ERIE - It looms large over the shoreline of Lake Erie, a mostly-silent sentinel that provides a valuable landmark for mariners trying to navigate the western basin and provides enough power to keep all of Monroe County happy and warm.
Now after more than 52 years on the job, the J.H. Whiting power plant in Erie Township is finishing up a much-needed upgrade that should help revitalize the aging plant and keep it in service for decades to come.
Consumers Energy is in the final stages of a $2.3 million upgrade to the coal-fired plant that aimed at transforming its antiquated analog control room into a state-of-the-art electronic nerve center, company spokesman Dennis McKee said.
"We've basically brought [the plant's] control room technology into the current century," Mr. McKee explained.
"This sort of investment is appropriate and required and is beneficial to meeting our customer needs."
It also should serve as a signal that the Michigan-based utility has every intention of maintaining, and ultimately improving, its oldest coal-fired power plant.
Built in 1952, the J.H. Whiting generating plant employs about 125 people and has the capacity to produce up to 328 megawatts of electricity, or enough power for roughly 200,000 people.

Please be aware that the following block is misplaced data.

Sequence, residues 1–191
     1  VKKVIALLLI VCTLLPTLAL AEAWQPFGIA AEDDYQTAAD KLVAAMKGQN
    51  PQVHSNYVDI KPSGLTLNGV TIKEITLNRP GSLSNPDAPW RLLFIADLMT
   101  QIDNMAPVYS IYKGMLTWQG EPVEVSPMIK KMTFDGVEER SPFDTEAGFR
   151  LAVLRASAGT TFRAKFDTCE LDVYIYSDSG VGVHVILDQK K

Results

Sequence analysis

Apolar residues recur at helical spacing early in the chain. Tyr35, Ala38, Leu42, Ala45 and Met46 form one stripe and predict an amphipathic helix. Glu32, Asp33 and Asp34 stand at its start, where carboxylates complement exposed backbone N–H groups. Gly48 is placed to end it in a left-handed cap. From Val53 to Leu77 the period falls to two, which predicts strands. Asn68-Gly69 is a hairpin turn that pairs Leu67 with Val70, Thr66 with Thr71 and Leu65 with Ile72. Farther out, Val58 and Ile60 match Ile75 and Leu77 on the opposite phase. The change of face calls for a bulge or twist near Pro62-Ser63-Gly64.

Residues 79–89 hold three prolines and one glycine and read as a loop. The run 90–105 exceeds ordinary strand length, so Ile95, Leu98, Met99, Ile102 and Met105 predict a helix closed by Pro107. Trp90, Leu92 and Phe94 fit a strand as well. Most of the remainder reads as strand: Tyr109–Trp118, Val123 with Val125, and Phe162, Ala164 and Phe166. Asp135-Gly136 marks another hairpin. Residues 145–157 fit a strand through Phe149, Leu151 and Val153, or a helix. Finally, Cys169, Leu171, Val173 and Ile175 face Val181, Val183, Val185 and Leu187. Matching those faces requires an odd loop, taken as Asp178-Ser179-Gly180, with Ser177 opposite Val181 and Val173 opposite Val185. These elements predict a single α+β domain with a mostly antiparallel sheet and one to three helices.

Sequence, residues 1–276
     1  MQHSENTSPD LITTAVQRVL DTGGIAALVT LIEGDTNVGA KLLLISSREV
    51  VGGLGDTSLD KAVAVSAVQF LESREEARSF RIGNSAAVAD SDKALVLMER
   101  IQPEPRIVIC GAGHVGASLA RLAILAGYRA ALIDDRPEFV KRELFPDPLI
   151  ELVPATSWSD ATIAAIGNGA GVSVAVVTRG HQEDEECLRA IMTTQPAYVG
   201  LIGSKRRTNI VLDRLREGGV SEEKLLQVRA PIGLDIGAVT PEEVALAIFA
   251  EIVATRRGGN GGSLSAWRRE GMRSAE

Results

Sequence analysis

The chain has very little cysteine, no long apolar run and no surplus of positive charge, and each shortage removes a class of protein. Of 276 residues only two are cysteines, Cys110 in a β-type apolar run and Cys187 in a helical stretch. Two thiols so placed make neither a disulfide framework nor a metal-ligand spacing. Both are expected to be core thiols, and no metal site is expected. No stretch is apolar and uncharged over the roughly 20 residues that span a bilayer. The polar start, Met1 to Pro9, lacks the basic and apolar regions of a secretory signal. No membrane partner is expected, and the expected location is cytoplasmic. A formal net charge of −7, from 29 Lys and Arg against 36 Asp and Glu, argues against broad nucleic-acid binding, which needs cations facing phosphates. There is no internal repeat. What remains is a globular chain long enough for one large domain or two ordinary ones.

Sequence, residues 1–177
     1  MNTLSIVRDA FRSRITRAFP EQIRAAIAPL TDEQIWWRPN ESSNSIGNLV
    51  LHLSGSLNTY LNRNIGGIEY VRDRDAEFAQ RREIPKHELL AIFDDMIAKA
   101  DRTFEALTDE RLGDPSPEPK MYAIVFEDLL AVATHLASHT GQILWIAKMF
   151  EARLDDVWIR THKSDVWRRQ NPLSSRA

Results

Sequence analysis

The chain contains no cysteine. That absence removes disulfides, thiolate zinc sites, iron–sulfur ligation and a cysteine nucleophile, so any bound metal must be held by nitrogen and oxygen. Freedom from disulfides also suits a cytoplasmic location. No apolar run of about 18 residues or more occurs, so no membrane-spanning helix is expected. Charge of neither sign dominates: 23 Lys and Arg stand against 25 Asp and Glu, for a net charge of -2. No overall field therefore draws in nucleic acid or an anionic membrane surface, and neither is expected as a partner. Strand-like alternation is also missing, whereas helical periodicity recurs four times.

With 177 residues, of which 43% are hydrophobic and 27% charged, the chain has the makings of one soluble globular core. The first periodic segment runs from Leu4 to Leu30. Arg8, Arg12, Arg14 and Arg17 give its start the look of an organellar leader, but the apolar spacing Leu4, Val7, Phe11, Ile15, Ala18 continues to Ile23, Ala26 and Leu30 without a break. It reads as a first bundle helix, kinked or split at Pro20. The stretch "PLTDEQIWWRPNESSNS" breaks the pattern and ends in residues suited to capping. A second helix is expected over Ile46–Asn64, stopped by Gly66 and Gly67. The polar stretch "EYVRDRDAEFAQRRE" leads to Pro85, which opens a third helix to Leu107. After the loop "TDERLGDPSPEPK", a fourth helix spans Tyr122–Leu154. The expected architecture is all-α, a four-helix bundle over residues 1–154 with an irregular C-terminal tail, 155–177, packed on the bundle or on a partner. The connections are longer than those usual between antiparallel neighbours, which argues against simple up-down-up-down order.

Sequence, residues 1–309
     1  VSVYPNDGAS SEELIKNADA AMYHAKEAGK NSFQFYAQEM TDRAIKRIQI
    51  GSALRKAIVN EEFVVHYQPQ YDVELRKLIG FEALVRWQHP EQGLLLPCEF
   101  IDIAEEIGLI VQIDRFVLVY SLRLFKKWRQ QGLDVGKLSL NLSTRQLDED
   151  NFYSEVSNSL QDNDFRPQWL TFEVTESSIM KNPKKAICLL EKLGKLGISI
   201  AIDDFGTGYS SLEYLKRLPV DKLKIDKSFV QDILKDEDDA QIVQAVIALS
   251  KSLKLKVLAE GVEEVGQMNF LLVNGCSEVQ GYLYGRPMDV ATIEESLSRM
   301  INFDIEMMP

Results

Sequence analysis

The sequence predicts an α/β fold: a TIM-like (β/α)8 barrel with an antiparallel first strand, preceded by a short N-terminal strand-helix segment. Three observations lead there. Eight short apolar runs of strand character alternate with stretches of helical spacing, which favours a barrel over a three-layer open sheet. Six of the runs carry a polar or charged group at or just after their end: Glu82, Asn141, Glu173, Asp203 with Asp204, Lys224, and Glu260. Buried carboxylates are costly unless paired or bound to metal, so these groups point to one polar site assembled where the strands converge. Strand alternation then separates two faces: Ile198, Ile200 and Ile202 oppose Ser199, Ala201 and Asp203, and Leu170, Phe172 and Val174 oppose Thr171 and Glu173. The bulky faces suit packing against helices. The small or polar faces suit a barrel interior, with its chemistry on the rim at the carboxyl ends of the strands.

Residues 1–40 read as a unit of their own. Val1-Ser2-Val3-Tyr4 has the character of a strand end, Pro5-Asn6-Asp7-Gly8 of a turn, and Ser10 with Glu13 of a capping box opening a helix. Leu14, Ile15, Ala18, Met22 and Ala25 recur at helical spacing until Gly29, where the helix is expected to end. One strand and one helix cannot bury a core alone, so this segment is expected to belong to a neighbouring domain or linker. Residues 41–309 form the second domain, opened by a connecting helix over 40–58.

It is one of four coal-fired plants in Michigan that are operated by Consumers Energy, and is the oldest active plant in the utility's inventory.
The control room upgrades at Whiting aren't included in an $800 million pollution control project that Consumers Energy has undertaken at its other power-generating facilities in Michigan.
The company recently finished installations of "Selective Catalytic Reduction" systems to significantly reduce ozone emissions at two of its largest coal-fired plants elsewhere in the state.
Mr. McKee said that after the initial wave of new emission control systems is installed at its larger plants, Consumers would "revisit those issues" at the Whiting plant.
Erie Township Supervisor Paul Mickels said the plant plays an important role in his community, both as an employer and as an important part of its industrial tax base.
The recent improvements at the plant are welcome signs, he said.
"I think that it's important that we not underestimate what that plant provides to our community," Mr. Mickels said.